The United States is the largest and most potentially lucrative gambling market. It’s also one of the most complex due to a myriad of state and federal and state specific gaming laws that make it a tough place for businesses to open shop and offer their wares to customers.

Despite a confusing and contradictory legal landscape, the USA is home to millions of players who will play online in a regulated environment if given the chance.

Banking, Deposits and Withdrawals

The UIGEA and The Wire Act shapes online banking’s current relationship with online poker. The UIGEA prohibited banking institutions in the United States from processing payments at US gambling sites (source:

For example, all credit card payments are coded with numbers that specify the purpose of the transaction. If a transaction is marked as related to online gambling, the card issuer automatically declines it.


The UIGEA (full text here) was passed by political trickery at the last minute the day before Congress adjourned for the 2006 elections.

It was attached as a rider to an unrelated piece of “must pass” anti-terrorism legislation called the SAFE Port Act. To vote against the UIGEA would have required members of Congress vote against the SAFE Port Act, which would have opened them to accusations of not caring about American security.

Best of all, the UIGEA was added at the last minute before a late vote which gave members of Congress no chance to even read the bill they were voting on.

We’re also starting to see glimmers of hope in the possibility of legalization. Many states are in the process of licensing and regulating online gambling in the United States.

Legal US Gambling Sites

The UIGEA does nothing to prevent individual states from legalizing and regulating online poker. However, there was one other obstacle up until 2011: the federal Wire Act of 1961. The Wire Act was long interpreted as applying to online poker, sports betting and casino gambling. Not only did it prevent people from placing bets over “wire” communications networks, but it also prevented states from legalizing any such activity.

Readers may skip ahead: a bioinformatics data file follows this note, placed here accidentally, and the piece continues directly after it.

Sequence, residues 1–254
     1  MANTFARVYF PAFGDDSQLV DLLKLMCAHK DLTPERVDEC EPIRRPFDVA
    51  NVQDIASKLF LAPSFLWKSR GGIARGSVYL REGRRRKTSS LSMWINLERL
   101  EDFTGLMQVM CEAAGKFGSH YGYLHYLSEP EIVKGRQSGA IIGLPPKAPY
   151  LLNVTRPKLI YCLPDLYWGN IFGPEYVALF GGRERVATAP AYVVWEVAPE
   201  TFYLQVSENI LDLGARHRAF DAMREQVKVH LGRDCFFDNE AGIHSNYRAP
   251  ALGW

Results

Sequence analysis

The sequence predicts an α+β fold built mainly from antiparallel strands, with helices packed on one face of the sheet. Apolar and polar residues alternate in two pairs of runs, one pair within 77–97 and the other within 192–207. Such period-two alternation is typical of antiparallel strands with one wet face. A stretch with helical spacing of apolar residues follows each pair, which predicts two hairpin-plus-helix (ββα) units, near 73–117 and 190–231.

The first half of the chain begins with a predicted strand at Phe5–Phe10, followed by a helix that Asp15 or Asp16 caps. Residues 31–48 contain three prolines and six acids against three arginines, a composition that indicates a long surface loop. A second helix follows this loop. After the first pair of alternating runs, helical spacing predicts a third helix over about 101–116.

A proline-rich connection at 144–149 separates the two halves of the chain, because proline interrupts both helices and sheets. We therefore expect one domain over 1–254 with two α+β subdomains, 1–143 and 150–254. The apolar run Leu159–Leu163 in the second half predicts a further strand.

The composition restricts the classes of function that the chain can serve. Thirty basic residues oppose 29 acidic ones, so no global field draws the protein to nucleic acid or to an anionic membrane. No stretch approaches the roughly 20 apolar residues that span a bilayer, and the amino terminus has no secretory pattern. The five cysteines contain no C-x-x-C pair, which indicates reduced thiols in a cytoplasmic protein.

This all changed in 2011 after the Illinois and New York State governors wrote the DOJ and asked for clarification of how the Wire Act is interpreted. Specifically, the governors wanted to know if their states could sell lottery tickets over the internet.

The Justice Department responded to these inquiries with a legal opinion (full text here) that covered more than just online lotteries. The opinion explained that the Wire Act applies specifically to online sports betting and no other form of gambling or poker. Here’s how the opinion summed up the issue:

In sum, the text of the Wire Act and the relevant legislative materials support our conclusion that the Act’s prohibitions relate solely to sports-related gambling activities in interstate and foreign commerce.

Long story short: states now have the authority to legalize and regulate online gambling within their borders. Many states are doing exactly that.

New Jersey

Online poker became a reality for the Garden State in 2013. There are now several poker sites, online casinos, and mobile sports betting in operation. New Jersey legislation requires all operators to have an existing brick-and-mortar casino in the state and allows each operator to team up with one software provider to serve state residents.

Here’s a list of the best New Jersey poker sites:


Nevada legalized online poker in 2013 and the first site went live later that year. Originally, there were two providers of internet poker in the state: Ultimate Gaming and WSOP. Ultimate Gaming closed in 2014 but remains viable to this date. If you would like to play online poker in Nevada, here’s your best option:


Online gambling went live in Delaware in 2013. This is the state with the smallest population and as such, the state’s three gambling sites have had a hard time generating much action. In 2015, Delaware and Nevada reached an agreement to share poker player pools across state lines. The hope is that this pact helps boost numbers in both states.

Here’s a list of legal Delaware gambling sites:

Other states: updates coming soon.